Wednesday, November 14, 2018

Fiction Review: America's First Daughter

I missed our previous book group meeting and groaned to myself when I saw which book the group had selected for our next read - a 600-page historical novel about Thomas Jefferson's daughter. I was prepared to hate it. In fact, I planned on not reading the whole thing. I started my library copy just one week ahead of our meeting and figured I'd see how far I got for the discussion and then set it aside. Boy, was I wrong. I absolutely loved America's First Daughter by Stephanie Dray and Laura Kamoie, read the entire book in record time, and then read every single page at the end - author's notes, historical notes, acknowledgements, and more. I never wanted it to end. This historically accurate novel written from the perspective of Jefferson's oldest daughter was fascinating and compelling.

The novel opens in the days after Jefferson's death, when his eldest daughter, Patsy, is going through his letters and personal papers. That frames the rest of the novel, in which each chapter begins with a real excerpt from a letter to or from Jefferson, and Patsy's story of their lives together. Her telling begins when she was just eight years old in 1781, and her family was chased out of their home at Monticello in the middle of the night, by the news that the British were coming and planning to burn their home down. They survived that crisis, but Patsy's mother died not long after, and Jefferson was sunk into a severe depression. Patsy had vowed to her mother on her deathbed to take care of her father, and she took that vow very seriously throughout her entire life, becoming his constant companion, seeing him through that depression and much, much more. She followed her father to Paris, where he was assigned as Ambassador to France and they witnessed the start of the French Revolution, just a few short years after surviving the American one. They returned to Monticello and together experienced a lifetime of trials, triumphs, and losses as Patsy married and went on to have 13 (!) children, filling Monticello with grandchildren beloved to Jefferson, while his career continued, almost to the end of his life at age 83.

I could fill this review with the fascinating story of Patsy's life with her father, but I don't want to spoil all the twists and turns this true story makes along the way. The title of the novel comes from the fact that Jefferson pledged to his cherished wife on her deathbed that he would never take another wife, so when he became President, Patsy took on the role of First Lady (Daughter), hosting parties in the President's Mansion and helping her father politically. Patsy's own life is covered in detail here, too, as the story is told entirely from her perspective - including her coming-of-age in Paris, the love of her life, her abusive husband, and all those children (and grandchildren), as well as her support of her father's political career. The novel also delved into two topics I found especially interesting: Jefferson's very complicated feelings about slavery, as the author of the line, "All men are created equal" (he was morally against it but financially dependent on it) and his complex relationship with his slave, Sally Hemings, whom he seemed to truly love and fathered several children with (she was actually his wife's half-sister and looked like her!).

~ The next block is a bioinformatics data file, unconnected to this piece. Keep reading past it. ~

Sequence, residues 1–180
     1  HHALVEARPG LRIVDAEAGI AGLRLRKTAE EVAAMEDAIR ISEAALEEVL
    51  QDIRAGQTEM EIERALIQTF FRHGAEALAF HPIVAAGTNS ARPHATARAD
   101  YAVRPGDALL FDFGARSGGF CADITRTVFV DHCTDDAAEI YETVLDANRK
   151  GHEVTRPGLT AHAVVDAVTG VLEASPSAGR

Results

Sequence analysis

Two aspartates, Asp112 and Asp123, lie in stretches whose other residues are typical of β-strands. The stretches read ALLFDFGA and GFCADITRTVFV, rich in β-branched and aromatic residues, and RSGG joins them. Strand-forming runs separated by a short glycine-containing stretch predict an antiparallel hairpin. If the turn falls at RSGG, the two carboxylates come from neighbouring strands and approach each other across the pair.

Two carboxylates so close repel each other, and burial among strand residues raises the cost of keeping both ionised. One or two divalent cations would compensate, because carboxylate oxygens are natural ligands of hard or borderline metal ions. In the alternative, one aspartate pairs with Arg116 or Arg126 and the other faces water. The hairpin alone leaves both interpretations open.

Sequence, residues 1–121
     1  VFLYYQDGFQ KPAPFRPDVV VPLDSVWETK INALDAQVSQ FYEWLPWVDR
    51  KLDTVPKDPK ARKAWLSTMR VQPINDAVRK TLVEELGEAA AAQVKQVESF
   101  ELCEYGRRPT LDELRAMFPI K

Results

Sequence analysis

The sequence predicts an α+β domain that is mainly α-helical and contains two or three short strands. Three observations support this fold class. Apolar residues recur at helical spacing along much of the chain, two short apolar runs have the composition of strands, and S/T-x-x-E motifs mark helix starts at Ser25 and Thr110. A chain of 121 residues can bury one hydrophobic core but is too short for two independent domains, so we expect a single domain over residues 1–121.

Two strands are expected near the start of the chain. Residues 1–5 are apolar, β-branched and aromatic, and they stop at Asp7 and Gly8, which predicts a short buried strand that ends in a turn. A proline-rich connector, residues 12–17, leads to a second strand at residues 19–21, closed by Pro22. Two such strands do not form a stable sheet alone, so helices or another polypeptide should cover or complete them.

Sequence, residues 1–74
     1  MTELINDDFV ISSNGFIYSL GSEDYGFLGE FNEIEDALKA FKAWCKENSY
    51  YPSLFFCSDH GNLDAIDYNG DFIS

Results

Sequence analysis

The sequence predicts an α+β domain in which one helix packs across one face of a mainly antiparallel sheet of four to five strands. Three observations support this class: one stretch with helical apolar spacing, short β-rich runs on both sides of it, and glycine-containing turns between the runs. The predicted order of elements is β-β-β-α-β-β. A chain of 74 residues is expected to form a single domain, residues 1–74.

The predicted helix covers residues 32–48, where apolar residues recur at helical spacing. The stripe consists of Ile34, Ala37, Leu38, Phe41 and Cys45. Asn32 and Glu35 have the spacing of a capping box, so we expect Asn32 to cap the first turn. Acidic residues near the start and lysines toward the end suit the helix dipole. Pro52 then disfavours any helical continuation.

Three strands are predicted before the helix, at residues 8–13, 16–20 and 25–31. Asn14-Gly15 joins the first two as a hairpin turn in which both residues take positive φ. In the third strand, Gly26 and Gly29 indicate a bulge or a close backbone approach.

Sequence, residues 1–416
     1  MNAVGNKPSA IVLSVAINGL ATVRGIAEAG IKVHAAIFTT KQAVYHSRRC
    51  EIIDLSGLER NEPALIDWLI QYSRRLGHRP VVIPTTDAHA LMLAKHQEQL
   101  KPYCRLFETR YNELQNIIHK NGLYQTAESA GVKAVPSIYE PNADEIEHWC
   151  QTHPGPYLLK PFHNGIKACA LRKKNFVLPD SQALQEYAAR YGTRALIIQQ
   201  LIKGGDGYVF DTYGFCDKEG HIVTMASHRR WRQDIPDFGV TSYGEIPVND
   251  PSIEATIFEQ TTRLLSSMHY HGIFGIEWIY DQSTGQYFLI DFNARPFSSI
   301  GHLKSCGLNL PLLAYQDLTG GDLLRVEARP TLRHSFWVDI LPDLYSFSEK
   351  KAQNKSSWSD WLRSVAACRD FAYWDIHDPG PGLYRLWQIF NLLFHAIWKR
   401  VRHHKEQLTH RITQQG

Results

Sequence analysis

Patsy's story was interesting and engaging in its own right, but I was also fascinated by the historical information in this heavily researched novel that was based partly on Jefferson's own letters and co-written by a history professor. I hated history class when I was in school (why didn't they ever make it this interesting?), so I was captivated by so many of the facts included here that I kept interrupting my husband's reading to say, "Did you know...?" For instance, did you know that Jefferson and John Adams BOTH died on the Fourth of July in 1826, within hours of each other? Or that Jefferson was a redhead? This novel was a fascinating, gripping view into history, as well as an engaging look at one of the women behind the scenes of history whom we seldom hear about and an absorbing peek into daily life in the 18th and 19th centuries. I loved every page of it and was left wanting more.

580 pages, William Morrow

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I read this book in print, but the audio production sounds captivating. Listen to a sample here.

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  1. I love that you are so excited about this book. 600 pages sounds so daunting and I would have had the same attitude as you going in. How great that the book is wonderful.

    1. ha ha - glad you could tell how much I loved it!